There are two basic ways to win the pitcher versus hitter war:
• Overpower the hitter (like Justin Verlander)
• Fool the hitter (like Barry Zito).
The first requires dominating stuff, generally velocity. (Verlander's average fastball in 2012 was 94.3 mph. He also showcased a superb curveball.) And, it requires a fair amount of control to go with the overpowering velocity. Not many pitchers have that kind of ability, even in the major leagues. At lower levels, very few pitchers have the kind of overpowering stuff to rely just on that to get hitters out throughout a game. Those who do have electric stuff can dominate hitters. They are the fortunate ones, but not everyone has this advantage. For them, and for the overpowering pitchers at higher levels, something more than great stuff is required. So, in general, we need a more strategic, mental approach to get hitters out consistently.
Pitching is a complex endeavor-both physical and mental. While there are many views on how to succeed as a pitcher, there are several principles that lead to success on the mound. Among these are the following: There is a limited number of things you can do with a ball: give it speed, give it direction, impart spin, and select an orientation of the seams. You can also combine pitches in different sequences and combinations. Otherwise, there is nothing you can to the ball. Every other factor that you can control is mental, and therefore absolutely essential to success. You cannot succeed consistently on the hill without having a plan in mind beforehand. So, if you prepare well, with solid mechanics, you can win each battle with hitters.
The objective on the mound is getting outs. There is a strategy to doing this and it relies upon a thoughtful approach that considers your abilities and the situation. If you combine great physical preparation with a sound mental approach, you greatly increase your chances to get those outs, succeed on the hill, and give your team the best opportunity to win games.
There are many books on baseball, a few of them about pitching. But, there are very few good books on the art and strategy: the tactics of pitching-specifically, books dealing with how to throw specific pitches, why they do what they do, when to throw them, to what locations, and how to set up hitters. There are few books that help pitchers "pitch" a good game-the subtleties of how to throw pitches and how to formulate game plans for pitching.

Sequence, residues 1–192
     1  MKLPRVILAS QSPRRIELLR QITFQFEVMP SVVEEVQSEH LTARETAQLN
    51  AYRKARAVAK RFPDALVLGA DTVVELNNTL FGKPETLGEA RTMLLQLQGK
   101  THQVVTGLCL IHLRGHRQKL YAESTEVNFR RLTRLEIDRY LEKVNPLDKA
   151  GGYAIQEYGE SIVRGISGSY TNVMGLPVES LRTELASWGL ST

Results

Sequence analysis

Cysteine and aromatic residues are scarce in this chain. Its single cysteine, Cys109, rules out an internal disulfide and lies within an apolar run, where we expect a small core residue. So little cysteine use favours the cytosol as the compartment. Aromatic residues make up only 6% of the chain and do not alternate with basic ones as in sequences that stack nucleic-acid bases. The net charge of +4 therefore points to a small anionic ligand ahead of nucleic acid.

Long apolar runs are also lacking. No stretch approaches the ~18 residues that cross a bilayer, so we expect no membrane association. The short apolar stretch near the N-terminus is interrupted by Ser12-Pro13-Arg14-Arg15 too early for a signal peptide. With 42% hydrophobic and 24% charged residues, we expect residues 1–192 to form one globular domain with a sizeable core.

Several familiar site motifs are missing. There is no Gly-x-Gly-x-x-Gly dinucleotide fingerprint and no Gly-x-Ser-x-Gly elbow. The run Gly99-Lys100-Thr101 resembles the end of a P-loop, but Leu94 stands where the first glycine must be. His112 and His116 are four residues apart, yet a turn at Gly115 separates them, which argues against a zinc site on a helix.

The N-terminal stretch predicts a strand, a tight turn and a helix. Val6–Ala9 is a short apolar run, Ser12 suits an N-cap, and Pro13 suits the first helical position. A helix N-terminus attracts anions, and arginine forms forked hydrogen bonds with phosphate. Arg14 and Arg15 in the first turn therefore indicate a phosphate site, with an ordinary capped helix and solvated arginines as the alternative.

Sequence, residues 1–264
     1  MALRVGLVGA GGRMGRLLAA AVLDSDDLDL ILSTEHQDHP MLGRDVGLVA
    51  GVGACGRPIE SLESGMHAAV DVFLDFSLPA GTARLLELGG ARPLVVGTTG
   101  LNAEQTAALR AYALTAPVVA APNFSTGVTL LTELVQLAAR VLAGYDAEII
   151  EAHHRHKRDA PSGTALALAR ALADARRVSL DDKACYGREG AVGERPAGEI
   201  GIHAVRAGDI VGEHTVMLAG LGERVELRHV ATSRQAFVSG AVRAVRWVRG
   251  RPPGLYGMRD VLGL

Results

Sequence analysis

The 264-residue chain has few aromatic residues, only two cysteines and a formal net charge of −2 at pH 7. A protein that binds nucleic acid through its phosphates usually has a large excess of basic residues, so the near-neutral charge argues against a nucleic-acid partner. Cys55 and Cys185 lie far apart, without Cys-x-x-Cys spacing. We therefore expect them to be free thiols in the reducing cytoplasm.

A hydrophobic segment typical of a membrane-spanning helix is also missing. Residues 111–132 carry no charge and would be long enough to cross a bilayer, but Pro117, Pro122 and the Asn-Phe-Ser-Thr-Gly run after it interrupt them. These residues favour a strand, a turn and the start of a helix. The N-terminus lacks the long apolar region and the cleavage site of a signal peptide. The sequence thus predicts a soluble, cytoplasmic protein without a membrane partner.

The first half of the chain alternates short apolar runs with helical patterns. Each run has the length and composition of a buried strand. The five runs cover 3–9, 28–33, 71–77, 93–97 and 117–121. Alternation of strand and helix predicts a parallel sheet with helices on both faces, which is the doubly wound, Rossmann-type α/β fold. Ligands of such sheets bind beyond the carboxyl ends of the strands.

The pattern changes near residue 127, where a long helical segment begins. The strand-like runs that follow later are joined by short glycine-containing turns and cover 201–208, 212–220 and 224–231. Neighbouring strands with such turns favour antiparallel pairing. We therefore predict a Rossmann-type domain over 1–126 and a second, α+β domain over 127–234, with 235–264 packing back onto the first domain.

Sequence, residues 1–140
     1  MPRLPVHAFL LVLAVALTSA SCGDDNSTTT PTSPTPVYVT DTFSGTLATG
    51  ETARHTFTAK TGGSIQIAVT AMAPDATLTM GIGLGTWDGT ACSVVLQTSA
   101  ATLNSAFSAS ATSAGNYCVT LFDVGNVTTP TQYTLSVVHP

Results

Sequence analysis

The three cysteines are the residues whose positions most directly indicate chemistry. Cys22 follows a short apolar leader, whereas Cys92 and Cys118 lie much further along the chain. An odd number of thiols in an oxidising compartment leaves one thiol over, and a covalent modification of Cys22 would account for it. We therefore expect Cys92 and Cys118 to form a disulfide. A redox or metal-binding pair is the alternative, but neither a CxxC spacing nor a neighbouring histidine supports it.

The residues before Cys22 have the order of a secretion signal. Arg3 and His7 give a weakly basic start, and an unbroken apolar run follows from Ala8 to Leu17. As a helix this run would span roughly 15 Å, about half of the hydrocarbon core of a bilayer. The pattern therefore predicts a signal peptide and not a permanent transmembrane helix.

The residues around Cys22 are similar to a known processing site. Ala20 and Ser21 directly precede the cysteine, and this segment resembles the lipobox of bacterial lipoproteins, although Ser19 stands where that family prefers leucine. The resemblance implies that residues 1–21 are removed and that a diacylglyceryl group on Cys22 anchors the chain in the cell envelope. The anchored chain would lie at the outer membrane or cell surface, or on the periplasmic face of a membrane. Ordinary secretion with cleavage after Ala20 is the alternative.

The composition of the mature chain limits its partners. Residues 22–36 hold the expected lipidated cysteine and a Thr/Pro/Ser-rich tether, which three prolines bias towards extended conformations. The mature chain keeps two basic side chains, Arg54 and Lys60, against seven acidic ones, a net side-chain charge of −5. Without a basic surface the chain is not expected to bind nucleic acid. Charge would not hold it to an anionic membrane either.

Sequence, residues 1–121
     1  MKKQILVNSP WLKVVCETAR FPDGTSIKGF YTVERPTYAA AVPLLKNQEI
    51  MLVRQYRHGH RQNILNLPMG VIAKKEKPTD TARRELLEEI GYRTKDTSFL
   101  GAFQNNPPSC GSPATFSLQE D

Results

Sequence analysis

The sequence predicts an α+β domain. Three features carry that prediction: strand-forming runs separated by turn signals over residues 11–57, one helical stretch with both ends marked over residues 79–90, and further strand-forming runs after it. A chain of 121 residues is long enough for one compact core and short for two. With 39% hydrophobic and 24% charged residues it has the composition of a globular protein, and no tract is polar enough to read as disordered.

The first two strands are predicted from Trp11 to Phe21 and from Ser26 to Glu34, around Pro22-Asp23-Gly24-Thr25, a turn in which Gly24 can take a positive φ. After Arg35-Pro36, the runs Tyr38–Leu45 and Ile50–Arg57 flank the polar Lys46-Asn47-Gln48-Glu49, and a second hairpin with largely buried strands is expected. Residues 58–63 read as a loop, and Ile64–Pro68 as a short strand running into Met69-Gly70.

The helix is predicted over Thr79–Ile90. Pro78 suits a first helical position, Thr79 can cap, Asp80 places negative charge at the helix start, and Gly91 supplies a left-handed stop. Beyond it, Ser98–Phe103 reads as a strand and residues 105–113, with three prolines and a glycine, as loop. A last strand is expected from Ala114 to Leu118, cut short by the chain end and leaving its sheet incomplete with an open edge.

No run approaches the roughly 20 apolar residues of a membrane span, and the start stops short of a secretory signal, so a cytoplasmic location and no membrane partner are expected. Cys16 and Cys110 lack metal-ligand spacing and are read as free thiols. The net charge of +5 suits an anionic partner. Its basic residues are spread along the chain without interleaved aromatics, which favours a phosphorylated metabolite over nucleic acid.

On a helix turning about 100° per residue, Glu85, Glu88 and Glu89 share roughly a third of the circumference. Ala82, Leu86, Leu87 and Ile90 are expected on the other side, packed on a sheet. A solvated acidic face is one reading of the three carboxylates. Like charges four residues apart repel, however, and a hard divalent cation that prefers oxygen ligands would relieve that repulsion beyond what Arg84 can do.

The Tactics of Pitching is a practical manual for learning and teaching the science, mechanics, and strategy of pitching, suitable for amateur players and coaches through the college level.
The book focuses on the following topics:
• Pitching Philosophy
• How Air Resistance Affects the Flight of a Ball
• The Strikezone
• Situational Pitching
• Mechanics Checklist
• Correcting Problems
• Mental Aspects of Pitching.
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About the Author
Professionally, Dr. McAllister spent a full career in the US Air Force as a fighter pilot followed by his ongoing career as a weapon systems engineer. He has a bachelors degree in mathematics from the USAF Academy and graduate degrees in history, engineering administration, and management. He has a website (www.mcallister-associates.com) devoted to leadership and doctoral research.
Dr. McAllister lives in Niceville, Florida, with his wife of almost 36 years, with whom he has two adult children he coached throughout their amateur sports careers.
This book captures much of the knowledge gained over his many years of thinking about and teaching the craft of pitching.